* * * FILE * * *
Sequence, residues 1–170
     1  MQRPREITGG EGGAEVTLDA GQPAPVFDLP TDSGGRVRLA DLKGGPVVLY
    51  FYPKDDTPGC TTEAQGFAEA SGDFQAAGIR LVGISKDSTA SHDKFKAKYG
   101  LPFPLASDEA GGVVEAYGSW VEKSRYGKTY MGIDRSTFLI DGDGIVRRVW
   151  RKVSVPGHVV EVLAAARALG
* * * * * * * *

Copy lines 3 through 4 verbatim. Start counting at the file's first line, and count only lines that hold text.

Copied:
    51  FYPKDDTPGC TTEAQGFAEA SGDFQAAGIR LVGISKDSTA SHDKFKAKYG
   101  LPFPLASDEA GGVVEAYGSW VEKSRYGKTY MGIDRSTFLI DGDGIVRRVW